How Often Do You Need To Recertify Your RV Propane Tanks?
Nearly all RVs use propane for heating, cooking, or refrigeration. So, we tote propane around on our RVs in tanks. We usually empty and refill these tanks over and over again without even thinking about recertifying the tank. We don’t really pay much attention to our propane tanks (correctly called cylinders).
Really, unless a propane tank is showing obvious signs of age and distress (such as rust or leakage), it’s easy to overlook the fact that propane tanks need to be recertified from time to time. Well, that’s only partly true, because only the portable propane tanks need to be recertified.
That’s because portable propane tanks are made of steel that’s light enough to be easy to carry and transport. While cylinders made with thinner steel are easy to transport when we want to get them filled or take them camping, they have the drawback of being more prone to damage than the heavier, permanently mounted propane tanks used on Class A motorhomes.
Because it can be a threat to health and safety, propane is considered a hazardous material. Considering that a propane leak from a rusted or damaged propane cylinder could create an extremely hazardous situation, transporting it in lightweight portable propane tanks (like the ones we use for RVing) is considered a risk to safety.
With that in mind, the Department of Transportation is pretty strict about making sure that propane is transported in these 15 lb, 20 lb, and 30 lb cylinders is transported as safely as possible. The DOT requires that all portable propane tanks be visually inspected before they can be filled. Not only that, but portable propane tanks have to be fully tested by an approved inspection facility and recertified every 10 years.
Do portable propane tanks need to be inspected?
In addition, the Department Of Transportation requires that all portable RV propane tanks be visually inspected before they can be filled. Here’s what the person filling your propane tank is legally compelled to look for in their visual inspection:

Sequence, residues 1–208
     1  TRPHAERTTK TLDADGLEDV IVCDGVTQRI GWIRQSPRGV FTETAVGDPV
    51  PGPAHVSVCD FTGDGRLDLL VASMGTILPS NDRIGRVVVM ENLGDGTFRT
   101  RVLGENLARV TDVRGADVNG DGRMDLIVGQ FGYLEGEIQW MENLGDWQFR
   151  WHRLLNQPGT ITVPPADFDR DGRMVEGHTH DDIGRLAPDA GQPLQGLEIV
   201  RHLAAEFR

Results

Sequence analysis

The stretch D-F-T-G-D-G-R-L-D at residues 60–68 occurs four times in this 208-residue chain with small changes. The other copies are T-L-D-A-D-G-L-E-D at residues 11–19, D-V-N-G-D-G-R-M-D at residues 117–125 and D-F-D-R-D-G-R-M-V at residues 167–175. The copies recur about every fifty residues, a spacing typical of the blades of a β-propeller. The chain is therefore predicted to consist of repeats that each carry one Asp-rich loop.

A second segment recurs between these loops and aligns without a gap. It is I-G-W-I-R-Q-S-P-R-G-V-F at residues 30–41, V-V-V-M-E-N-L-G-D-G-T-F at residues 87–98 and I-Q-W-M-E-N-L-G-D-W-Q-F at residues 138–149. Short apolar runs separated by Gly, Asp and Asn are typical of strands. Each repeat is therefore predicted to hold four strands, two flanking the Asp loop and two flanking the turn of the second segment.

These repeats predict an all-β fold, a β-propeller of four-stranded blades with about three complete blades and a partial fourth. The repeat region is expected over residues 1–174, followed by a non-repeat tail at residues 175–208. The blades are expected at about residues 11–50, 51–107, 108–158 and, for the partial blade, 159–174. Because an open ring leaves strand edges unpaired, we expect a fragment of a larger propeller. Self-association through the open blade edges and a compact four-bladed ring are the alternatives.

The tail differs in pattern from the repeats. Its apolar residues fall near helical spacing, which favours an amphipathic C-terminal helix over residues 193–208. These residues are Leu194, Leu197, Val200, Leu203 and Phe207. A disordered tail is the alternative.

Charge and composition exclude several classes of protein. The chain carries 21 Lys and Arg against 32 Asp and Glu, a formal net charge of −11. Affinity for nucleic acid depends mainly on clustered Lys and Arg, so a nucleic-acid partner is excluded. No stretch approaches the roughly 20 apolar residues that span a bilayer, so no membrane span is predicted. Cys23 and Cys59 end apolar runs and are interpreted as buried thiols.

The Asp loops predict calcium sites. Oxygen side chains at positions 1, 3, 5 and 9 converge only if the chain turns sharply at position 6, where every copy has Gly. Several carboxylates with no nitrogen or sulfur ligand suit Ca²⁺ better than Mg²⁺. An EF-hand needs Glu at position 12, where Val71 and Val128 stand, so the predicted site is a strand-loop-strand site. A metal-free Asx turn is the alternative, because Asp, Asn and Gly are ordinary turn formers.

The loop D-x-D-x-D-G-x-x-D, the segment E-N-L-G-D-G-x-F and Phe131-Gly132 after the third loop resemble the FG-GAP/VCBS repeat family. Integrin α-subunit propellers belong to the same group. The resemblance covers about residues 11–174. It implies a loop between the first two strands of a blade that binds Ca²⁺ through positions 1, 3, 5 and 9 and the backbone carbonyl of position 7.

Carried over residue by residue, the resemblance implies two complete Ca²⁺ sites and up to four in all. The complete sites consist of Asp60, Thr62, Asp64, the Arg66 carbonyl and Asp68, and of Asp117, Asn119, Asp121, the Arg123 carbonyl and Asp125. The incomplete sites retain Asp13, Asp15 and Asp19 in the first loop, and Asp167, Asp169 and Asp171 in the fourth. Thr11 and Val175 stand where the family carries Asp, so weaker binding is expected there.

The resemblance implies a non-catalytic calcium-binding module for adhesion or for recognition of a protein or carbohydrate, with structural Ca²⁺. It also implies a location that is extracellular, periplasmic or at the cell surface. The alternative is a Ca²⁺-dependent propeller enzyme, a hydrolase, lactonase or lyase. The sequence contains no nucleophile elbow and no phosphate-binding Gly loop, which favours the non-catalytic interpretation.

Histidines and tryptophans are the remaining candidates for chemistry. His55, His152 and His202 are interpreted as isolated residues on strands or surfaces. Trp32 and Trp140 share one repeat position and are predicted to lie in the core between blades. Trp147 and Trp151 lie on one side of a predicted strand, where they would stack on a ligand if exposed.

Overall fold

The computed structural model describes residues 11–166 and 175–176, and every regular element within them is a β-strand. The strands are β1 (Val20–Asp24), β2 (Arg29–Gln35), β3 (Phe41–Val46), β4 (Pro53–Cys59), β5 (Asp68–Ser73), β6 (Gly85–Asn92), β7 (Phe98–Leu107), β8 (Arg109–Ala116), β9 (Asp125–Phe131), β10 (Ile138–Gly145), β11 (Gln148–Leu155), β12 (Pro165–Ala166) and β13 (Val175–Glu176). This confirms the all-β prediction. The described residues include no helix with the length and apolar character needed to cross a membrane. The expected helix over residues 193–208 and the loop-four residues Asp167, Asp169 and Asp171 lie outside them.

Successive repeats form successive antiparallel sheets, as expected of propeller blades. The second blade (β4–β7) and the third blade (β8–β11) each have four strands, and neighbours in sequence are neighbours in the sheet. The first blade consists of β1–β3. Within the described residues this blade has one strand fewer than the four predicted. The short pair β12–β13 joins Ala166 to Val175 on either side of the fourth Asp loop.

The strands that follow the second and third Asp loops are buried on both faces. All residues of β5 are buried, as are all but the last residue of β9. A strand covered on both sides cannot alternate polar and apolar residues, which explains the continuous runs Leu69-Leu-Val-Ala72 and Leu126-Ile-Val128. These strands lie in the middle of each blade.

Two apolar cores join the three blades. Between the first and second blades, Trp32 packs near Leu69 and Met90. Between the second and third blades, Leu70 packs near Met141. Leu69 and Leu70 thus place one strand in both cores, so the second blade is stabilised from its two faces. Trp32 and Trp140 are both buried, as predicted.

- Damage to the cylinder’s exterior including dents, bulges, cuts, or cracks on the cylinder’s surface,
or to welds, and any evidence of physical abuse, fire, or heat damage.
- Detrimental rust, corrosion, or pitting on the cylinder, particularly on the bottom.
- Absence of/damage to a cylinder foot-ring, cylinder neck-ring (collar), or valve cover.
- A leaking or defective valve or leaking or defective pressure relief device.
How to tell when your RV propane tank needs to be recertified
Many RV owners are surprised to learn that propane tanks need to be recertified, even though they look like they’re in perfect condition. Well, if your tanks are 10 years old, they’ll need to be recertified, even if they look brand new.
Fortunately, it is easy to determine when your RV propane tanks need recertification. The Department of Transportation mandates that all portable propane tanks have their manufacturing date imprinted on the collar of the tank. DOT cylinders must be recertified 10 years after this date to ensure they remain safe for use. The bottom portion of the collar provides space for stamping the date of recertification.
Where to get RV propane tanks recertified
You can take your 10-year-old propane tank to a DOT-approved propane cylinder inspection facility to get it inspected. However, it’s often easier to simply trade it in at a propane exchange like Tank Traders.
Propane exchanges have inspectors who can recertify tanks after they do any necessary repairs. They get your old tank, and you get a shiny, newer tank full of propane. It’s a pretty neat system.
Stay on top of RV maintenance
Make sure you keep track of all your RV maintenance and repairs with an online tool such as RV LIFE Maintenance. Not only can you keep all of your documents in one place, but you’ll also receive timely reminders when maintenance is due to help you avoid costly repairs and potentially serious accidents.